BEIJING—Hard as this is to believe, there were questions about Usain Bolt when the world championships first started.
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Finding Fela - story of a musical revolutionary
American producer Alex Gibney’s portrait of the late Nigerian musical icon, Fela Anikulapo Kuti, is an attempt at honestly exploring the contradictions of a man whose messages of self-awareness, defiance and liberation cohered with a penchant for misogynistic expression and a lifestyle of apparent reckless abandon.
It helped that son and musical protégé, Seun, had been in town for Emancipation Day celebrations in Port-of-Spain and the coup staged by the T&T Film Festival (through the amazing work of Atillah Springer) which on July 30 brought to a local audience a special viewing of the Fela documentary in the presence of a first person participant to some of the action described in the film.
Citing “cultural context”, in an interview with T&T Guardian, Seun explained his father’s several faces and the fact that none of them had actually been a mask. In fact, Gibney’s portrayal bespoke ideological conviction mixed with the foibles and excesses often permitted geniuses.
Moving freely from Fela!, the stage musical, to Fela the father, son and, to some, holy spirit of African nationalism, Finding Fela offers a unique insight into both the life and times of the Fela phenomenon which spanned four decades of musical and political discovery and has found revivalist fervour within recent years.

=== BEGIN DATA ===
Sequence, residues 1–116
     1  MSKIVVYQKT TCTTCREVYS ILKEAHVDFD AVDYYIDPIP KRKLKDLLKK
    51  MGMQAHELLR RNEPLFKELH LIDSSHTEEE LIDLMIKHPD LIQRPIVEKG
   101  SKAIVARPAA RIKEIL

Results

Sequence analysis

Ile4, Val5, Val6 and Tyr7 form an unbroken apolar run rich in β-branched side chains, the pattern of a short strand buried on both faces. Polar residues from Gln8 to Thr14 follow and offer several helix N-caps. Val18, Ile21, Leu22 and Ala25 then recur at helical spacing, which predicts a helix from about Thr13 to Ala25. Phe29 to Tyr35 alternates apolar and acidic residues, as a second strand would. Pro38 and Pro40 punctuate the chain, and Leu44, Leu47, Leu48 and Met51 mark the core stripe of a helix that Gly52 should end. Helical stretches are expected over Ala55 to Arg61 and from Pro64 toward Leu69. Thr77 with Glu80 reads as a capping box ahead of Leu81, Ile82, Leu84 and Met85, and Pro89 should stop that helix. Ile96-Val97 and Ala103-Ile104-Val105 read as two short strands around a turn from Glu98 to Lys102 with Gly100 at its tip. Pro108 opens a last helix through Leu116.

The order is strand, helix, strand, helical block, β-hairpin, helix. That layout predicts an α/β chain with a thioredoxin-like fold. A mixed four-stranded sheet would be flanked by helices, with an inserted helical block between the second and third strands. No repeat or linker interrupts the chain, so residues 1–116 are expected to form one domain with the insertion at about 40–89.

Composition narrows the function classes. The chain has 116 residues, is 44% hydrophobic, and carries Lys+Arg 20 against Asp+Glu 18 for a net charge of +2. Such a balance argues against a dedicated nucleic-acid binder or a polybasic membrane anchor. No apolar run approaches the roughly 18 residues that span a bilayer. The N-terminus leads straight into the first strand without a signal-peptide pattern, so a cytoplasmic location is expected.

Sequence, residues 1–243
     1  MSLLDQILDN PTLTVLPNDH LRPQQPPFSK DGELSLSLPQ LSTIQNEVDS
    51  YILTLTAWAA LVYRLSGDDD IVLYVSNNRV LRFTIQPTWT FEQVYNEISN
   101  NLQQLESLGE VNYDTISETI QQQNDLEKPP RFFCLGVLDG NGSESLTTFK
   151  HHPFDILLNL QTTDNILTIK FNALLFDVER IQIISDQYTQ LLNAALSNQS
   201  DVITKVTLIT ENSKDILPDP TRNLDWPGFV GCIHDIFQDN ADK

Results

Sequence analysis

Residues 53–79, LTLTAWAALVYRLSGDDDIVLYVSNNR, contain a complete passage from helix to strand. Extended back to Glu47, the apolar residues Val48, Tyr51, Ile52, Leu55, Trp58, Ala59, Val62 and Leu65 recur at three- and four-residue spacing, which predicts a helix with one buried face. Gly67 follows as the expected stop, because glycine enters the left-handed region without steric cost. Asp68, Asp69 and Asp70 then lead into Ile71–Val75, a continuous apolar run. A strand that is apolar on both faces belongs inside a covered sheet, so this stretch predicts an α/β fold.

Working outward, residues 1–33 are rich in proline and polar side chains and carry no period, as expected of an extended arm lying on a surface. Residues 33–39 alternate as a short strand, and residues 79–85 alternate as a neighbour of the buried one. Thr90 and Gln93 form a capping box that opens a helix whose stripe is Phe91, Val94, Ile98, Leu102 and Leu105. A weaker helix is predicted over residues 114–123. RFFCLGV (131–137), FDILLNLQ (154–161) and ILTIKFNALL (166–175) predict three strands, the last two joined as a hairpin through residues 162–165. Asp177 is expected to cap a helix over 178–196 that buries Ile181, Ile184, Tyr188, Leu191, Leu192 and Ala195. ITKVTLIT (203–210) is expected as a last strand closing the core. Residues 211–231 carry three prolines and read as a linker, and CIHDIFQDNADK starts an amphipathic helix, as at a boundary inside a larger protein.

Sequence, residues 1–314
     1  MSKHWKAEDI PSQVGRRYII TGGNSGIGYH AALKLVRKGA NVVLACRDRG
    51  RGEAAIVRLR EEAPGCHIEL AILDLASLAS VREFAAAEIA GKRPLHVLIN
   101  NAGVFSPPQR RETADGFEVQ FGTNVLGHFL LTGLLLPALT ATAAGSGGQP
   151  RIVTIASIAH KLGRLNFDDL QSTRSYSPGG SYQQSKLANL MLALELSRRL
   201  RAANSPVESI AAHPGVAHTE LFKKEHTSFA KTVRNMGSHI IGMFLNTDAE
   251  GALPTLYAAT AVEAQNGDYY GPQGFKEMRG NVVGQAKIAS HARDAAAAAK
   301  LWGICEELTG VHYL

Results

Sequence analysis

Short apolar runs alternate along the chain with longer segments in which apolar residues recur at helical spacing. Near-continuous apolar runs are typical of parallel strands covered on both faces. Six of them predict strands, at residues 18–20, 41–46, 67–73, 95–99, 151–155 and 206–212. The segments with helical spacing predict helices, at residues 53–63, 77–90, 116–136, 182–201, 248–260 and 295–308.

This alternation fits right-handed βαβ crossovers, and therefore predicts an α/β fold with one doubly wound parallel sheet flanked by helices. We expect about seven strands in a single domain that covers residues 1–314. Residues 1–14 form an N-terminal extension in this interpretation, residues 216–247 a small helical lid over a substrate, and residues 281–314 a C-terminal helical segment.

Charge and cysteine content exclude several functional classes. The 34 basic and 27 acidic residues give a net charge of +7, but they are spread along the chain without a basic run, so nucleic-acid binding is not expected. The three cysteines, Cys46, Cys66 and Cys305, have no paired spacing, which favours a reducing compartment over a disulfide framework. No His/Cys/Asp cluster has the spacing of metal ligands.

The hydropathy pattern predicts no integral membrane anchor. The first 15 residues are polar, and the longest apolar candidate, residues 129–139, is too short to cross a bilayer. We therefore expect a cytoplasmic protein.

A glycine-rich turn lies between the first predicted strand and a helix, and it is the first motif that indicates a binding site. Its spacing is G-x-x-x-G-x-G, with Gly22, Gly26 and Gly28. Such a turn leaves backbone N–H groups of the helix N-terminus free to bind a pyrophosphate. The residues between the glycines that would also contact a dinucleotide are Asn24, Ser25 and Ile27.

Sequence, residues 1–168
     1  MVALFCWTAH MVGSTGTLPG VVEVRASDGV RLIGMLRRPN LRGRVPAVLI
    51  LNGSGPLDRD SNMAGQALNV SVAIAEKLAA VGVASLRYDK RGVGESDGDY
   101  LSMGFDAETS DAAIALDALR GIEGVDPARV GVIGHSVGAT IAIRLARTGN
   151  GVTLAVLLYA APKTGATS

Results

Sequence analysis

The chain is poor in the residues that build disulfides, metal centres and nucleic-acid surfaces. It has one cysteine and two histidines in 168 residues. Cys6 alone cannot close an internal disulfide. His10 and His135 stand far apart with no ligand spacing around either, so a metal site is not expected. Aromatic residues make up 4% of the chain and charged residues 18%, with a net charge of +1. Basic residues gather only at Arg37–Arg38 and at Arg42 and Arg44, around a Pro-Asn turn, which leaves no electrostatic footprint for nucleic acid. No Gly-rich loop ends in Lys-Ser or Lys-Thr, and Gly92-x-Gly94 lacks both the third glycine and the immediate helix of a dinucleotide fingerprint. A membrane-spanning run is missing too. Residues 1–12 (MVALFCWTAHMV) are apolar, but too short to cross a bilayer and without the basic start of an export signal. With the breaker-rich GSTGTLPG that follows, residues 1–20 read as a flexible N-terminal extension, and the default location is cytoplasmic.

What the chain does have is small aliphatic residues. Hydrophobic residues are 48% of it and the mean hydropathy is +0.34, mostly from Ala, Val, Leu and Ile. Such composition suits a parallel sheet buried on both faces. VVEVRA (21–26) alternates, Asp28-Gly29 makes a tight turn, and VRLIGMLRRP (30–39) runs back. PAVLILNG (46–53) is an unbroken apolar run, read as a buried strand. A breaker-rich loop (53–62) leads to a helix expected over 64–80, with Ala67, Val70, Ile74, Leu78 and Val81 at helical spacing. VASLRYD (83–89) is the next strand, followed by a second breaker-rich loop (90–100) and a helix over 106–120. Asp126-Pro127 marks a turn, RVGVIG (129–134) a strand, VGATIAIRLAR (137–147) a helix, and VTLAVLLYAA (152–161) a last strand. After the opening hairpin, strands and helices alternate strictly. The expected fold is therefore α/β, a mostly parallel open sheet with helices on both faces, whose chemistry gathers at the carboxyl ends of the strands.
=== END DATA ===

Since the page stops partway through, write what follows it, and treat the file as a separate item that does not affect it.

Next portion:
The film is neither an adoring paean to the father of Afrobeat who died from complications associated with HIV/Aids in 1997, nor a clinical critique dissecting ideological consistency or pedagogical value. It is an honest narrative voiced by some of the key players of his time, including colleagues, lovers, family and friends.
Fela! director, Bill T Jones is moved to tears at one point. He ponders the emotions evoked by Fela’s anthemic rhythms as rendered by the mixed-heritage Antibalas band which he considers to be among the best at capturing the emotions of Fela’s unique sound. He is recorded impatiently insisting on more precise portrayals of the artist’s frenetic steps on stage.
Fela’s mother, the feminist activist Funmilayo Ransome Kuti would not have approved of the musician’s 27-bride marriage ceremony in 1978, the year of her death from injuries sustained during an army raid of Fela’s self-declared “Kalakuta” republic premises in Lagos. Her death, Finding Fela surmises, served to inspire even more radical actions by Fela to drum up support for his campaign against oppressive Nigerian regimes and the promotion of Pan-Africanist activism.